Anyone who watched this evening’s Great British Railway Journeys will have seen the Royal Mail’s underground postal railway featured. In the episode presenter Michael Portillo visited the Post Office (London) Railway, as it was originally called, and was given the rare opportunity to take a short ride on one of the trains. Today Mail Rail, as it is more affectionately known, remains closed and is not normally open to visitors, but due to the interest in the network, and to try and give as many people as possible a flavour of the railway, the BPMA guided Michael on his journey across this part of London.
The postal underground railway, despite closing down in 2003 after many of the stations it served above ground were no longer operating, and after the Travelling Post Office stopped running from the mainline London stations, holds great fascination for many. For this reason the BPMA are currently working to conserve three of the original railway cars in its collection, and are also planning on hosting a special Mail Rail themed open day at the BPMA Museum Store in Debden, near Loughton. The one day event, aimed at all the family, and specialists and non-specialists alike, will take place on Saturday 21st April 2012 from 10am till 4pm. Throughout the day BPMA staff will be on hand to help guide visitors round a series of events and presentations about the railway.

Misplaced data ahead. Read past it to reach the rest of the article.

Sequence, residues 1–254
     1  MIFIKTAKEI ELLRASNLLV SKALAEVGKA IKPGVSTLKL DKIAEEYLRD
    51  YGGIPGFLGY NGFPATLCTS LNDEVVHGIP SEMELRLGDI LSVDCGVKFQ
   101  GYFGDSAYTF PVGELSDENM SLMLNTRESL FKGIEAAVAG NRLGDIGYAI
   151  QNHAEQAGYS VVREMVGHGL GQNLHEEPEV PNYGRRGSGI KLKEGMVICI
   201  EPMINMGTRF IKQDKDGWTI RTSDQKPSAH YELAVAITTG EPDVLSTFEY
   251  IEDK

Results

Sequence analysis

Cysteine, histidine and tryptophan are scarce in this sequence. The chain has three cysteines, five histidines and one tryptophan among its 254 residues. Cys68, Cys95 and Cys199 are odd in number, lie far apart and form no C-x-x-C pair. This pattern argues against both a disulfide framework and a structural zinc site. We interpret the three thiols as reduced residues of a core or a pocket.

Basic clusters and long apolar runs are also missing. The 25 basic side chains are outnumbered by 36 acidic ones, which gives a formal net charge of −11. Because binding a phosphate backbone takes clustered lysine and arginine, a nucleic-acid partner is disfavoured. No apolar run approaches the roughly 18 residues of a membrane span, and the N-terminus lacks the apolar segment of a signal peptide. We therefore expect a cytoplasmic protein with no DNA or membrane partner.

There will be an opportunity to listen to talks about the history of the railway, and its predecessor, the pneumatic railway, with a chance to see the only two pneumatic rail cars known to exist from the 1860/1870s London trials. There will also be film showings including never before seen film of the railway with its driver-less electric trains running for the final time. Curators will also be available to guide visitors around the Museum Store and explore some of the objects related to the railway in the BPMA collection, including the three rail cars that are undergoing or about to undergo conservation. During the day there will also be activities aimed at younger visitors.
Booking is not required but larger group wishing to visit are encouraged to contact the BPMA in advance to make their visit easier.
There is lots more information about the Post Office (London) Railway on the BPMA website and further details about the event will also appear on our website nearer the event.
– Chris Taft, Curator
The BPMA thanks The Arts Council England PRISM Fund, and the AIM Pilgrim Trust Conservation Scheme for their support of the Mail Rail Conservation project.